The president of the U. S. has a secret so horrifying it even terrifies the priest he confesses to, in this debut thriller pitting ambitious, fallible politicians against a diabolical media mogul. Unsuspecting ghostwriter Carl Granville is enlisted by super-agent Maggie Peterson to take a hand-scrawled, stolen diary and turn it into a million-copy expos?Abut Carl is kept in the dark about whose story he's writing. The book is known only as "Gideon" and when Carl's apartment is trashed, the diary stolen and Maggie murdered, he soon discovers that nobody at the publishing house has any knowledge of the book deal. Branded the main suspect in Maggie's death, Carl goes on the lam, and with his Washington, D.C., ex-girlfriend Amanda Mays, tries to uncover the deadly conspiracy. The mess gets increasingly complicated, as the president commits suicide and the political climate is ripe for the First Lady to bid for the executive position. A homosexual priest, a British billionaire, an elderly midwife who knows all and a killer in disguise figure in the labyrinthine plot. Andrews is a pseudonym for Peter Gethers (The Dandy; The Cat Who Went to Paris) and David Handler (Kiddo): the ghostwriting angle is one of Handler's trademarks (he's the author of the popular Stewart Hoag mysteries). Dead-on publishing in-jokes are a lagniappe (Gethers is the former publisher of Villard); Carl has ghostwritten a series of Kathie Lee Gifford mysteries. Though saturated with winning details, however, the narrative, with its endless twists (blackmail, childhood secrets, love affairs) winds up with several complications too many, and this plethora of side plots dilutes the lucid, cumulative pleasures a good thriller is designed to evoke. $250,000 ad/promo; BOMC and QPB selections; author tour; audio rights: Brilliance Corp.; foreign rights sold to U.K., France and Holland. (June)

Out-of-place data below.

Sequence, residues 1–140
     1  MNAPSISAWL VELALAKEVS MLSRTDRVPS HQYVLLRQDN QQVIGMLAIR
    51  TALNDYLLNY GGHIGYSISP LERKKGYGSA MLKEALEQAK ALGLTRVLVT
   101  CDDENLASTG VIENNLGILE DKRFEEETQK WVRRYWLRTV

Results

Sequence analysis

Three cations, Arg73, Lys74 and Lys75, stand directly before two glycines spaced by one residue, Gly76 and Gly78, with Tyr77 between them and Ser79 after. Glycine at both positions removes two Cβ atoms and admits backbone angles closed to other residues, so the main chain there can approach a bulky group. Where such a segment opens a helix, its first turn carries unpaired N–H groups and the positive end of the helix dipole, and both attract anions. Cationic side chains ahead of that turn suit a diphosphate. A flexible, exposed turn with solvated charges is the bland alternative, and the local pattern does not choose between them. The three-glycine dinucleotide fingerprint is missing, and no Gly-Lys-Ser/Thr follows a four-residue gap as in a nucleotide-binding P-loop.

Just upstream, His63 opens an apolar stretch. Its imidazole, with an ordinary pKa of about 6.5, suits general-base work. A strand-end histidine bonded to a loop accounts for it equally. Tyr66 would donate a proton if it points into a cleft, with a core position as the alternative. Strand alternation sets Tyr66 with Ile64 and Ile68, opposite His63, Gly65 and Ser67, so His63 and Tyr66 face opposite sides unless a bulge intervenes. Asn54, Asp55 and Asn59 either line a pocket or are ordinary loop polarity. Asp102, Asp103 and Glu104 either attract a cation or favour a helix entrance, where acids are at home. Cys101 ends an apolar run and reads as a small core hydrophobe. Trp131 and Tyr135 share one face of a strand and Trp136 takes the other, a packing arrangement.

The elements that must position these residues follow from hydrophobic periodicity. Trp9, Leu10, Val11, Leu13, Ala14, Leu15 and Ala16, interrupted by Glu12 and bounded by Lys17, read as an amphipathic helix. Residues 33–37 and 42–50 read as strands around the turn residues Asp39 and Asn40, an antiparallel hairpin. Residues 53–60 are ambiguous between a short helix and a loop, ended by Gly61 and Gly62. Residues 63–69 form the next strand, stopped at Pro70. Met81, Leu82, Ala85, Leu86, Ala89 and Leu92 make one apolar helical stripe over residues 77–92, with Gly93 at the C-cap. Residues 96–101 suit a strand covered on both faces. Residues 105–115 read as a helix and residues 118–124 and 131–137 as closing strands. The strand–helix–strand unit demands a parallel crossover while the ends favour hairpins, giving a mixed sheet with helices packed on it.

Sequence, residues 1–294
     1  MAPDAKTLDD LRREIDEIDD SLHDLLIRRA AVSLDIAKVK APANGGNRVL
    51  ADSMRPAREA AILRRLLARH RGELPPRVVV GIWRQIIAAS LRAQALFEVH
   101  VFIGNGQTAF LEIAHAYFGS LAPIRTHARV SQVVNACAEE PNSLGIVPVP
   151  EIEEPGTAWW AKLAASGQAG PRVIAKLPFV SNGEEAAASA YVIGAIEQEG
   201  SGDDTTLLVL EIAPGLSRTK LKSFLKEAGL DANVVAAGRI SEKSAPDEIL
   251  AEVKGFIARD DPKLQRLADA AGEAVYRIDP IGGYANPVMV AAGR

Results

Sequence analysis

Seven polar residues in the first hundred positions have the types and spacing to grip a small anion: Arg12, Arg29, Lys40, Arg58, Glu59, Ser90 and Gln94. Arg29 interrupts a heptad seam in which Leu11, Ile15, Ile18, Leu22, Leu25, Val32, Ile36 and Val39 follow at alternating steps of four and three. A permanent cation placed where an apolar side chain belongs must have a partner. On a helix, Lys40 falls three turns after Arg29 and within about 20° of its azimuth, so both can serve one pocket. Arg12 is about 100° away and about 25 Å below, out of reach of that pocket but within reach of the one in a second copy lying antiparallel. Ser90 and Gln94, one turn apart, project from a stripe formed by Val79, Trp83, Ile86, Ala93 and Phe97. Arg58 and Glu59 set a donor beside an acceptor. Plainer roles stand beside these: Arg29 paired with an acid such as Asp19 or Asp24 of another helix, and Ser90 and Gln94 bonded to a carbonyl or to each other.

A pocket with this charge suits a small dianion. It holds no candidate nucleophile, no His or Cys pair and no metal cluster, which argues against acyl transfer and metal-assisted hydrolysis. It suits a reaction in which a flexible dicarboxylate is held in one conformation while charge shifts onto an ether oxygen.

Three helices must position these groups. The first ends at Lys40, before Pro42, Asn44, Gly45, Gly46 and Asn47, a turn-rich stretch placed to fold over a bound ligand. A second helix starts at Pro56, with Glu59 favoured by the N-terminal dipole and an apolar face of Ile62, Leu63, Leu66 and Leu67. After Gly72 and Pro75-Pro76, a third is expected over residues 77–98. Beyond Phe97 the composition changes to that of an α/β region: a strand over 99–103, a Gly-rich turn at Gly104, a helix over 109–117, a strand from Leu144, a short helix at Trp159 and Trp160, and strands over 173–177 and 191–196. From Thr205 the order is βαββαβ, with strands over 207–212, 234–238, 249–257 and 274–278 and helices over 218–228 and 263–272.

Copyright 1999 Reed Business Information, Inc. --This text refers to the Hardcover edition.
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Product Details

  • Mass Market Paperback: 480 pages
  • Publisher: Ballantine Books (June 6, 2000)
  • Language: English
  • ISBN-10: 0345434781
  • ISBN-13: 978-0345434784